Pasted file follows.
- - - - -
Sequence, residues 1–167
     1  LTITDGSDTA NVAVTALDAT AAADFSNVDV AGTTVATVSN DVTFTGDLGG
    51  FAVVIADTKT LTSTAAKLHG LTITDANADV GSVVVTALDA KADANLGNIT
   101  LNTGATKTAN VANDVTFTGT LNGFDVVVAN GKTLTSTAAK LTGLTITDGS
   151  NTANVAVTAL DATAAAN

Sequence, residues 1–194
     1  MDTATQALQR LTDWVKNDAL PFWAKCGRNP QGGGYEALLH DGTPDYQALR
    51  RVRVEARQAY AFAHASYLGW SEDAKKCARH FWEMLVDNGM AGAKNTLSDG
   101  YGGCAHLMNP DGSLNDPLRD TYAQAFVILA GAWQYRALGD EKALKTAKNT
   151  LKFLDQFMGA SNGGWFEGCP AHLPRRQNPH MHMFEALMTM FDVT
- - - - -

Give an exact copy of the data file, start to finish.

Sequence, residues 1–167
     1  LTITDGSDTA NVAVTALDAT AAADFSNVDV AGTTVATVSN DVTFTGDLGG
    51  FAVVIADTKT LTSTAAKLHG LTITDANADV GSVVVTALDA KADANLGNIT
   101  LNTGATKTAN VANDVTFTGT LNGFDVVVAN GKTLTSTAAK LTGLTITDGS
   151  NTANVAVTAL DATAAAN

Sequence, residues 1–194
     1  MDTATQALQR LTDWVKNDAL PFWAKCGRNP QGGGYEALLH DGTPDYQALR
    51  RVRVEARQAY AFAHASYLGW SEDAKKCARH FWEMLVDNGM AGAKNTLSDG
   101  YGGCAHLMNP DGSLNDPLRD TYAQAFVILA GAWQYRALGD EKALKTAKNT
   151  LKFLDQFMGA SNGGWFEGCP AHLPRRQNPH MHMFEALMTM FDVT